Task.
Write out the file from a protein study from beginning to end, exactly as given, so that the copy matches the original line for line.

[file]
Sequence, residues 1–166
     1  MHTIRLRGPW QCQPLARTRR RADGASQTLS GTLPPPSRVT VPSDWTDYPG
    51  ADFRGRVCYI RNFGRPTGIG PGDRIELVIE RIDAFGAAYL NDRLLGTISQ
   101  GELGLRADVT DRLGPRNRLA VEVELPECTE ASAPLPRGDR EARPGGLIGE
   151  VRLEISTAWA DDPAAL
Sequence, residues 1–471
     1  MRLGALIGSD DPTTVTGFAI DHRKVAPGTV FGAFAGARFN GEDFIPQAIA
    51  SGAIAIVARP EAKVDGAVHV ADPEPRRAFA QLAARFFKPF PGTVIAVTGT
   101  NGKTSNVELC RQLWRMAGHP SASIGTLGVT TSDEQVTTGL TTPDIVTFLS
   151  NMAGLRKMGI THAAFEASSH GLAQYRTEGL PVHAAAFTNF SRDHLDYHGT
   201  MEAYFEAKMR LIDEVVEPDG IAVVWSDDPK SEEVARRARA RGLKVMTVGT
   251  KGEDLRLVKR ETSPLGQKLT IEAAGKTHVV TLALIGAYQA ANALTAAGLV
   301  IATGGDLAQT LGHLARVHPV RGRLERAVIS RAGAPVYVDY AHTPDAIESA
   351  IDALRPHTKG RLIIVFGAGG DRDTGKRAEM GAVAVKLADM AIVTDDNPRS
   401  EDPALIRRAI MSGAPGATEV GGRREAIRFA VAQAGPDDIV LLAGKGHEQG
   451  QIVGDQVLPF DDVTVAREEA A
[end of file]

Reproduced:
Sequence, residues 1–166
     1  MHTIRLRGPW QCQPLARTRR RADGASQTLS GTLPPPSRVT VPSDWTDYPG
    51  ADFRGRVCYI RNFGRPTGIG PGDRIELVIE RIDAFGAAYL NDRLLGTISQ
   101  GELGLRADVT DRLGPRNRLA VEVELPECTE ASAPLPRGDR EARPGGLIGE
   151  VRLEISTAWA DDPAAL
Sequence, residues 1–471
     1  MRLGALIGSD DPTTVTGFAI DHRKVAPGTV FGAFAGARFN GEDFIPQAIA
    51  SGAIAIVARP EAKVDGAVHV ADPEPRRAFA QLAARFFKPF PGTVIAVTGT
   101  NGKTSNVELC RQLWRMAGHP SASIGTLGVT TSDEQVTTGL TTPDIVTFLS
   151  NMAGLRKMGI THAAFEASSH GLAQYRTEGL PVHAAAFTNF SRDHLDYHGT
   201  MEAYFEAKMR LIDEVVEPDG IAVVWSDDPK SEEVARRARA RGLKVMTVGT
   251  KGEDLRLVKR ETSPLGQKLT IEAAGKTHVV TLALIGAYQA ANALTAAGLV
   301  IATGGDLAQT LGHLARVHPV RGRLERAVIS RAGAPVYVDY AHTPDAIESA
   351  IDALRPHTKG RLIIVFGAGG DRDTGKRAEM GAVAVKLADM AIVTDDNPRS
   401  EDPALIRRAI MSGAPGATEV GGRREAIRFA VAQAGPDDIV LLAGKGHEQG
   451  QIVGDQVLPF DDVTVAREEA A